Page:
Free Skin Cancer Screening Pays Off
Almost seven percent diagnosed with cancer; 45 percent referred for additional consultation.
The statistics didn’t surprise the dermatologists who turned out to provide free skin cancer screenings at El Camino Hospital on Saturday, May 17th–but they certainly shocked the 21 persons–about 7% of the 293 people screened–who received “presumptive diagnoses” of skin cancer at the event. In total, 45% of Saturday’s participants were referred for additional consultation or a biopsy. While none of these may actually result in a cancer diagnosis, all of them reflect skin conditions of concern to the examining doctors. (The diagnosed cases all will be biopsied for confirmation.)
“This event potentially saved some lives,” said Dr. Greg Morganroth, a dermatologist who helped organize and staff the event, and who surgically removes more than 1700 skin cancers annually.* “The statistics this year reaffirm that everyone should be screened regularly.”*
While nearly all skin cancers can be successfully treated when caught early, many people miss or ignore the warning signs. Even the less threatening types of skin cancer, Squamous and Basal Cell carcinomas, can be terribly disfiguring and occasionally even fatal if not treated promptly. The screening found two clinically obvious cases of Squamous carcinomas and 16 clinically obvious cases of Basal Cell. About 1.25 million of these two cancers crop up annually. Melanomas, the most deadly form of skin cancer, kill 8,000 annually, with about 50,000 new Melanomas being diagnosed each year. The screening turned up three presumed Melanomas, one of which was subsequently confirmed by biopsy.
The vast majority of all skin cancers are caused by excess, unprotected sun exposure–and cumulative damage can result in cancer, despite later use of protective clothing and sunscreen. Self-monitoring for skin cancer–while not a bad idea–isn’t foolproof since cancers can form on the scalp or on hard-to-see locations on the back–or even between toes or on the soles of the feet. Cancerous growths also may evolve so slowly that people don’t notice or pay attention to the changes. That’s why it is always best to be thoroughly screened by a healthcare professional.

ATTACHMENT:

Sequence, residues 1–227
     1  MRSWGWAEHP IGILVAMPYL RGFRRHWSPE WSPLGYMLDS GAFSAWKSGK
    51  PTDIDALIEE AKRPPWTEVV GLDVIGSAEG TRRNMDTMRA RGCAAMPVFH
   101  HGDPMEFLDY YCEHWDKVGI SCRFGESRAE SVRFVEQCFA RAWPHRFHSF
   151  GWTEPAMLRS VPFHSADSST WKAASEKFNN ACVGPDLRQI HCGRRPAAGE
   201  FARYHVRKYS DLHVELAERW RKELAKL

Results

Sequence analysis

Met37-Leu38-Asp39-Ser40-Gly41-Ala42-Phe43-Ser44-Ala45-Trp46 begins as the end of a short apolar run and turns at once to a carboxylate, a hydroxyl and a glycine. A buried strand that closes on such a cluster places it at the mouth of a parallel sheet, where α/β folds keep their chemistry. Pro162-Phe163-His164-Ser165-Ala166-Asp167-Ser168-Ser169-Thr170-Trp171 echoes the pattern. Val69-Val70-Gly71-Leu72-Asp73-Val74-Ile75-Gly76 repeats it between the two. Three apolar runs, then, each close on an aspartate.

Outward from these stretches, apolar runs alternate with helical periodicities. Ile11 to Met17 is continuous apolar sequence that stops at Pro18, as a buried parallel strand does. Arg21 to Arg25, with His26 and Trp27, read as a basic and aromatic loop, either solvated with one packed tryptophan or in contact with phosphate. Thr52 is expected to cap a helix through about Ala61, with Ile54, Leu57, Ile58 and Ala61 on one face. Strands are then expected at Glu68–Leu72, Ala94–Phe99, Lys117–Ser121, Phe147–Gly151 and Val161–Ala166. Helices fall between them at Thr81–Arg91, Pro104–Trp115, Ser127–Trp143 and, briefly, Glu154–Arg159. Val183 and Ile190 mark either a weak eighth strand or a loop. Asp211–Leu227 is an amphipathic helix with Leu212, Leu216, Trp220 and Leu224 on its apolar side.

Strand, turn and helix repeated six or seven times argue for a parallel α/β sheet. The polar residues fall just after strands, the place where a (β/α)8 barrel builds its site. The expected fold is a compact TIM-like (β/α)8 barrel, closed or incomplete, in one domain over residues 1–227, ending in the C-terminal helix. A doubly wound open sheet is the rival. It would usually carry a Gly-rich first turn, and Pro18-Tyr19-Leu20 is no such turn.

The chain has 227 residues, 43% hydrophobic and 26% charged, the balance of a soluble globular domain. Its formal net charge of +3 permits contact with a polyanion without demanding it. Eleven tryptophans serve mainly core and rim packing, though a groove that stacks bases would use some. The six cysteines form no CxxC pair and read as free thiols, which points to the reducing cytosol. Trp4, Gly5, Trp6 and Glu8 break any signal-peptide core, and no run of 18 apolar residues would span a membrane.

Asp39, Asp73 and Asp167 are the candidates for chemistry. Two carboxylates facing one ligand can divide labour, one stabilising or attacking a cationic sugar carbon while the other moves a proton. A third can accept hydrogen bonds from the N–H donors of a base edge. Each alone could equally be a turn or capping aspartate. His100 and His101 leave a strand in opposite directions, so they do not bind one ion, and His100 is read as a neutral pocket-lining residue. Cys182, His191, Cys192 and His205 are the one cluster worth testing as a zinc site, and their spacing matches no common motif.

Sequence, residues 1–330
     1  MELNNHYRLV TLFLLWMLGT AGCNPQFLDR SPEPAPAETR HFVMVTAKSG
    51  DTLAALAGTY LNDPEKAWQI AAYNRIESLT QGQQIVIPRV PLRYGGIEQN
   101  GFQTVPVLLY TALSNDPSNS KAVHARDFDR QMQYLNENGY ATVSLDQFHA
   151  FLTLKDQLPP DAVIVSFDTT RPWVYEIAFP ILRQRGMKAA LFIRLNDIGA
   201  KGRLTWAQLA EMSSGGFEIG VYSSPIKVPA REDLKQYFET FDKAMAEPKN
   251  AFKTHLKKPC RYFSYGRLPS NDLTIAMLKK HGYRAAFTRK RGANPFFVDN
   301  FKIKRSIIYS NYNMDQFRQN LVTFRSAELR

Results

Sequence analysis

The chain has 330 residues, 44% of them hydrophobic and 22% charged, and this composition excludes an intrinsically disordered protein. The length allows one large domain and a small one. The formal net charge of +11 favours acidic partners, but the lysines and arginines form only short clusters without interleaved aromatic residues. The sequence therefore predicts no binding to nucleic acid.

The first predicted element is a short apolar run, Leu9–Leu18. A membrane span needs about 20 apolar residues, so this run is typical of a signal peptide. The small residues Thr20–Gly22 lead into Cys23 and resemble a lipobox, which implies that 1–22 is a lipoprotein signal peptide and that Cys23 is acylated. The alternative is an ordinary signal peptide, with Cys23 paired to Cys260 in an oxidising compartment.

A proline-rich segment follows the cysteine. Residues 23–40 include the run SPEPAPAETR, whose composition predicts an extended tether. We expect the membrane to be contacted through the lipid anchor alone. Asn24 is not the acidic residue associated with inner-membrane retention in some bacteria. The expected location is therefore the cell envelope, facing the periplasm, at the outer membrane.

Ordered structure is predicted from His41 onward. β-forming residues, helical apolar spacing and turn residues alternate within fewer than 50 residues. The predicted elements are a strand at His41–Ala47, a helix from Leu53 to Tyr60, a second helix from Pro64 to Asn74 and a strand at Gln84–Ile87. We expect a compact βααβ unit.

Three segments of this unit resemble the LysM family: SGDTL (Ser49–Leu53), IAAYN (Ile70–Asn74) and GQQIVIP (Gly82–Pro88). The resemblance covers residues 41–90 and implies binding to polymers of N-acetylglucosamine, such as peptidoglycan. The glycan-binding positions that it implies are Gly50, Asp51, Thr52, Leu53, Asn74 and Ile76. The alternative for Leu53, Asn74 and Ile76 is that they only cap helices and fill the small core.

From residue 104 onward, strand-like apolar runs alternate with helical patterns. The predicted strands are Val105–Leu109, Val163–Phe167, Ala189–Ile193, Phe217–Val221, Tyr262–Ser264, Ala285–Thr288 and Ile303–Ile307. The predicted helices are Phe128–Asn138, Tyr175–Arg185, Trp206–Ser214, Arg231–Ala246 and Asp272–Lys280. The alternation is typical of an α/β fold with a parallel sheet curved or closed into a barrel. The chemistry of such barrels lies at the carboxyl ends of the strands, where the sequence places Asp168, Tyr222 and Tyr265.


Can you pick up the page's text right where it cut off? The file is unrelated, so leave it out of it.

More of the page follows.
“No skin cancer should be taken lightly,” Dr. Morganroth said. “Because of the high success rate in treating skin cancer, people may have been lulled into a false sense of security.* However, even a few months untreated may allow a Melanoma to become invasive, at which point chances of successful treatment diminish and we have to become much more aggressive. Yet when I ask patients why they waited so long to come in, they often say, ‘It didn’t look that bad, so I didn’t think I needed to worry.'”*
“I just hope people are paying attention to these numbers,” he said. “Death from skin cancer is 100% preventable if the lesion is caught and treated in its earliest stages. What health investment pays a better dividend than that?”
About El Camino Hospital
Located on a 41-acre campus in the heart of Silicon Valley, El Camino Hospital serves residents in the El Camino Hospital District — Mountain View, Los Altos, Los Altos Hills, Cupertino and portions of Sunnyvale and Palo Alto – as well as those in surrounding communities. Established in 1961, the hospital has delivered the highest level of medical services to the community for more than four decades. Its quality programs and high customer satisfaction rankings have been recognized locally and nationally. In 2005, 2006 2007, and 2008 HealthGrades, a national rating company, named El Camino Hospital a Distinguished Hospital for Clinical Excellence, placing it in the top 5% of hospitals nationwide. El Camino Hospital is the first hospital in the Bay Area to have been designated as a nursing magnet hospital by the American Nursing Credentialing Center. Specialties include cardiac care, dialysis, cancer care, maternal child health services, orthopedics, neurosurgery and behavioral health. The hospital is also recognized as a national leader in the use of health information technology to promote patient safety, including barcoding, computerized order entry, electronic medical records and wireless communications.
To learn more about El Camino Hospital and its services, visit our web site at www.elcaminohospital.org. For a physician referral, visit our web site or call the El Camino Health Line at 800-216-5556.
*Individual results may vary and are not guaranteed.